Can carbon offset projects intended to protect tropical forests deliver on their promised benefits? Our impact evaluation of a REDD+ project in Sierra Leone provides new evidence, writes Elisabeth Gsottbauer.

Recent controversies have brought a welcome boost to the scrutiny of voluntary carbon offset projects intended to protect forests in exchange for sellable carbon credits. The evidence base is growing, with studies questioning if these REDD+ projects – ‘Reducing Emissions from Deforestation and Degradation’ – truly reduce deforestation as claimed. Colleagues and I recently conducted an independent and rigorous impact evaluation of a certified REDD+ project in Sierra Leone’s Gola Rainforest to assess its environmental and socioeconomic impacts five years after implementation.

Deforestation is a dire issue in Sierra Leone, with the country having lost 25% of its forests in 20 years. Pressure on remaining forests in protected areas is also intense. It is in this context that we evaluated whether REDD+ projects can reduce deforestation rates, by examining deforestation dynamics in the Gola Project which operates in the buffer zone of an important protected area, the Gola Rainforest National Park. The project received carbon credit certification in 2015 and aims to slow down the rate of deforestation while not undermining household livelihoods.

Delivering on promises – to a degree

We collected multiple rounds of household surveys and satellite data covering the 126 communities receiving project interventions. REDD+ projects are often comprised of multiple interventions implemented in bundles and may include savings and loans, payments or agricultural training. We compared these communities that received interventions with 202 communities that did not but were otherwise comparable in terms of their size, location or accessibility.

The results indicate that REDD+ does appear to be delivering on its promises to some degree. It has reduced deforestation by 30% in targeted communities, which equates to avoiding the loss of 929 hectares of forest on a yearly basis. Through this mechanism, the project also led to 340,000 tons of avoided CO2 emissions per year, at an abatement cost of $1.12 per ton. This suggests not only that the project is delivering but that it is also relatively cost-effective in creating carbon savings.

Despite these promising findings on the effectiveness of the REDD+ programme design, we found no clear evidence that the project improved local economic wellbeing over its first five years. However, encouragingly, nor did the project negatively impact local incomes, consumption patterns or assets held. Our results suggest that more could be done if improving the material aspects of local livelihoods were desired as a core part of project objectives.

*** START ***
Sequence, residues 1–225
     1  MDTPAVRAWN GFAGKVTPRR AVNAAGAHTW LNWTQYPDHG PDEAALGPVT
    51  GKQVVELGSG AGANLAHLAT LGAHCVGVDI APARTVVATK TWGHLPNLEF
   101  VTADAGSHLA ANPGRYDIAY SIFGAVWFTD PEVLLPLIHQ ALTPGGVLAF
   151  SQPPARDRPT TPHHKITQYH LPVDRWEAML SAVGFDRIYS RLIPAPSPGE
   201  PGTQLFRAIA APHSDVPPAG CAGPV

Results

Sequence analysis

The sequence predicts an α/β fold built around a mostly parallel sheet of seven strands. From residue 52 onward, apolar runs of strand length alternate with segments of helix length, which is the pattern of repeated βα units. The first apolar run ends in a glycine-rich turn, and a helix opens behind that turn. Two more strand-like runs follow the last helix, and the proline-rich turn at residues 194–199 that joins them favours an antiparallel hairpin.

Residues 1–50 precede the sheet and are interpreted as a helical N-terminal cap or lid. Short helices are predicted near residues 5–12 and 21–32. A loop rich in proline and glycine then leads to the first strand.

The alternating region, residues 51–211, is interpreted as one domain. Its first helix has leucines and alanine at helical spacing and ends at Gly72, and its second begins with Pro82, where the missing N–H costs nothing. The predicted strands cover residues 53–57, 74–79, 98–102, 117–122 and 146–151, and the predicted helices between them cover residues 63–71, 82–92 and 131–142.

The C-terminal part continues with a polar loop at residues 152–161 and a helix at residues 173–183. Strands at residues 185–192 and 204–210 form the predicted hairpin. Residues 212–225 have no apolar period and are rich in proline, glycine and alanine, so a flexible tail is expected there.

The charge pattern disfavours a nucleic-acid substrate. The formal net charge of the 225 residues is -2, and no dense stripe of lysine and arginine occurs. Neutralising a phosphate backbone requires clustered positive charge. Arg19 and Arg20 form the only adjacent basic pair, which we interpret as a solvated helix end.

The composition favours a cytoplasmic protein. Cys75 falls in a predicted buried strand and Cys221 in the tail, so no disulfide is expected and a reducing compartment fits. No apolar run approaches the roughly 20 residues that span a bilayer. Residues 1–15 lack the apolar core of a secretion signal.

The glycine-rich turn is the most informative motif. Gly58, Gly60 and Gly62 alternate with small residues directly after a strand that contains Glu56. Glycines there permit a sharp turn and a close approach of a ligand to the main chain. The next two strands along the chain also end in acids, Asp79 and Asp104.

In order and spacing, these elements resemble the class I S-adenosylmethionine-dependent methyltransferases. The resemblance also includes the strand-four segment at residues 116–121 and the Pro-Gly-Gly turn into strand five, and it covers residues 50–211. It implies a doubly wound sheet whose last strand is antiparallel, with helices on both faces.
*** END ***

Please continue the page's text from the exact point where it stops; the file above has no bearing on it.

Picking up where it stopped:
What exactly could be driving the reduction in deforestation?

We went further to explore a series of potential mechanisms that might be driving the reduced deforestation rates. For instance, perhaps the project results were achieved through changing conservation attitudes or by impacting labour markets. We found evidence only for the latter: REDD+ communities have both reduced labour available for farming and increased wages. Why? The findings suggest that the project’s interventions increased the opportunity cost of labour, thereby diverting it away from forest clearing activities and thus reducing deforestation rates. We also found some suggestive evidence that project participants developed an increased reliance on income sources that are decoupled from deforestation, like non-timber forest products and cocoa – aligning with the project’s push towards forest-friendly livelihoods alternatives.

Multi-stakeholder collaboration is needed to further expand the evidence base

Overall, our independent causal impact evaluation offers robust evidence that well-designed and implemented voluntary forest carbon projects can achieve meaningful environment benefits without hampering local economic incomes. More work is needed to understand the ways in which these projects impact the non-material elements of people’s lives, such as social relations, cultural practices or sense of place. However, our results suggest that reversing deforestation trends completely will require more than what is currently being delivered, and continued transparent validation to ensure appropriate livelihood supports are also effective and safeguard local communities.

As voluntary carbon markets boom, ensuring that credible evidence underpins offset credits will require impact assessment processes that are both transparent and cost-effective to scale up. Single evaluations like ours have value and offer a methodological way forward but their scope cannot match market growth. Such an effort will need expanded collaboration between project developers, financiers, communities and academia to embed impact evaluations into programme design from the outset. While particulars may differ across projects, the methodological approach and principles we utilise here can inform assessments of REDD+ initiatives globally. Generating an expanded evidence base through collaborative evaluation is essential for establishing the true potential of voluntary offset programmes to mitigate climate change ethically and effectively. We invite all stakeholders to join this urgent endeavour.

This commentary is based on a research article by Mandy Malan, Rachel Carmenta, Elisabeth Gsottbauer, Paul Hofman, Andreas Kontoleon, Tom Swinfield and Maarten Voors. Elisabeth Gsottbauer thanks her co-authors for their comments on an earlier draft of the commentary.

Read the full article: Malan M, Carmenta R, Gsottbauer E et al. Evaluating the impacts of a large-scale voluntary REDD+ project in Sierra Leone. Nature Sustainability 7: 120–129 (2024).

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